Results revealed treatment-associated inflammatory response following tumor therapy resulted in accentuation of tumor diffusion response along with a corresponding increase in tumor FDG uptake due to the presence of glucose-consuming activated macrophages. The dynamics and magnitude of potential inflammatory response should be considered when interpreting imaging biomarker results.
Diffusion; MRI; ADC; positron emission tomography; FDG; brain tumor
Early treatment of Alzheimer’s disease may reduce its devastating effects. By focusing research on asymptomatic individuals with Alzheimer’s disease pathology (the preclinical stage), earlier indicators of disease may be discovered. Decreasing cerebrospinal fluid beta-amyloid42 is the first indicator of preclinical disorder, but it is not known which pathology causes the first clinical effects. Our hypothesis is that neuropsychological changes within the normal range will help to predict preclinical disease and locate early pathology.
Methods and Findings
We recruited adults with probable Alzheimer’s disease or asymptomatic cognitively healthy adults, classified after medical and neuropsychological examination. By logistic regression, we derived a cutoff for the cerebrospinal fluid beta amyloid42/tau ratios that correctly classified 85% of those with Alzheimer’s disease. We separated the asymptomatic group into those with (n = 34; preclinical Alzheimer’s disease) and without (n = 36; controls) abnormal beta amyloid42/tau ratios; these subgroups had similar distributions of age, gender, education, medications, apolipoprotein-ε genotype, vascular risk factors, and magnetic resonance imaging features of small vessel disease. Multivariable analysis of neuropsychological data revealed that only Stroop Interference (response inhibition) independently predicted preclinical pathology (OR = 0.13, 95% CI = 0.04–0.42). Lack of longitudinal and post-mortem data, older age, and small population size are limitations of this study.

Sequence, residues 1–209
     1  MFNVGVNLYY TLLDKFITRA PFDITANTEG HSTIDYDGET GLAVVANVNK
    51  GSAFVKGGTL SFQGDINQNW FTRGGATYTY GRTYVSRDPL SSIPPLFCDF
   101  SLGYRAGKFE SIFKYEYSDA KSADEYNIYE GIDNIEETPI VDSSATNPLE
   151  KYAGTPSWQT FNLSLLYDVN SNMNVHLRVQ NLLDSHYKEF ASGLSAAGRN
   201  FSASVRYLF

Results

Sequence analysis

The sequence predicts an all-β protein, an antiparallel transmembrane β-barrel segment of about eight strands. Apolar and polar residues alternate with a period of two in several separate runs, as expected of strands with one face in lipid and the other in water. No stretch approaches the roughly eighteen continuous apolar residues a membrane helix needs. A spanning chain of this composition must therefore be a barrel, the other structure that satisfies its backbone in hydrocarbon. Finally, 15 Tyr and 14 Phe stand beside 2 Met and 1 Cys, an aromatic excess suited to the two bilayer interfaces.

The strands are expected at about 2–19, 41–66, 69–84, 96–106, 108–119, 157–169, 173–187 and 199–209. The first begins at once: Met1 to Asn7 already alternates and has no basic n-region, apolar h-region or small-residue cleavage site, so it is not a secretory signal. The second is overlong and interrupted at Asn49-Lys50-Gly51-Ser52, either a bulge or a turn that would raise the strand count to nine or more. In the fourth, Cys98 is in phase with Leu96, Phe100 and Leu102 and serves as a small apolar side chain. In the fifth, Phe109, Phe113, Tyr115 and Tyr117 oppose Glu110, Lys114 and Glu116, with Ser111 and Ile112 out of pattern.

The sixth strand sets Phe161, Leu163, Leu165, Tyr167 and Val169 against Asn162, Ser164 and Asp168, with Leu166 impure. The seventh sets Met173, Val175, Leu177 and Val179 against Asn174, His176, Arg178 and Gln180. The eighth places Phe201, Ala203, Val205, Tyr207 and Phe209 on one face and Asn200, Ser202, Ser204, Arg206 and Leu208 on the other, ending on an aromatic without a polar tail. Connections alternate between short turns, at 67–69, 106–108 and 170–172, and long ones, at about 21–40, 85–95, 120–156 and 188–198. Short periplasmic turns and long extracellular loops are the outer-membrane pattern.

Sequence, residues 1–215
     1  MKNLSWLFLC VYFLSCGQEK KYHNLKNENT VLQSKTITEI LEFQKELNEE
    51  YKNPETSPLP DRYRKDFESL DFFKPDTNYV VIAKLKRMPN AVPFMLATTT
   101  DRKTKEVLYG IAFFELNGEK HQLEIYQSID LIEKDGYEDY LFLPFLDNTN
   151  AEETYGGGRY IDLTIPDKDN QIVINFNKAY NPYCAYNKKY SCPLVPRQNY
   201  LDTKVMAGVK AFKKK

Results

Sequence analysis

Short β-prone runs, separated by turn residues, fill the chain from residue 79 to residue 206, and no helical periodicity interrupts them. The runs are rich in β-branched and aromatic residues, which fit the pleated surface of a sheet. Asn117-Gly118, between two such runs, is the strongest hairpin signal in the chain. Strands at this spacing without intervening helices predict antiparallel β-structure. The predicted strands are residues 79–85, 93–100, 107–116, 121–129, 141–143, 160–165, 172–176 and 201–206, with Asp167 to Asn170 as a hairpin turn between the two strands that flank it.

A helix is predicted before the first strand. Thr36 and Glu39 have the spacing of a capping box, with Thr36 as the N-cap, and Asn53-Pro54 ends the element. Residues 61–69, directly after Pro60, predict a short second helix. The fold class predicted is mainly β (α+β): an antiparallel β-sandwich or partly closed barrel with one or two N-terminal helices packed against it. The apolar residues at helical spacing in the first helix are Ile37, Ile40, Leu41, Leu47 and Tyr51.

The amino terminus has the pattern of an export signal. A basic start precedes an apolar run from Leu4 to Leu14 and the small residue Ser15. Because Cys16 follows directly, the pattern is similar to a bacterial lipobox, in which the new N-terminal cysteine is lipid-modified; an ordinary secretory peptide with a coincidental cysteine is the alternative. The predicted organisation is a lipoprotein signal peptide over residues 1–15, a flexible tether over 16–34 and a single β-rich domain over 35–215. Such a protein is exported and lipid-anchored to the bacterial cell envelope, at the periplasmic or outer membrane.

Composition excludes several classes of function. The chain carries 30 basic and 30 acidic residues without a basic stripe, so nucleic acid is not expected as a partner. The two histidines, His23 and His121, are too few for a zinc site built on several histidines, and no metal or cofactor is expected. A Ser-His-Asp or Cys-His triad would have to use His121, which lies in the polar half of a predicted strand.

Our data suggest that clinical effects from early amyloid pathophysiology precede those from hippocampal intraneuronal neurofibrillary pathology. Altered cerebrospinal fluid beta amyloid42 with decreased executive performance before memory impairment matches the deposits of extracellular amyloid that appear in the basal isocortex first, and only later involve the hippocampus. We propose that Stroop Interference may be an additional important screen for early pathology and useful to monitor treatment of preclinical Alzheimer’s disease; measures of executive and memory functions in a longitudinal design will be necessary to more fully evaluate this approach.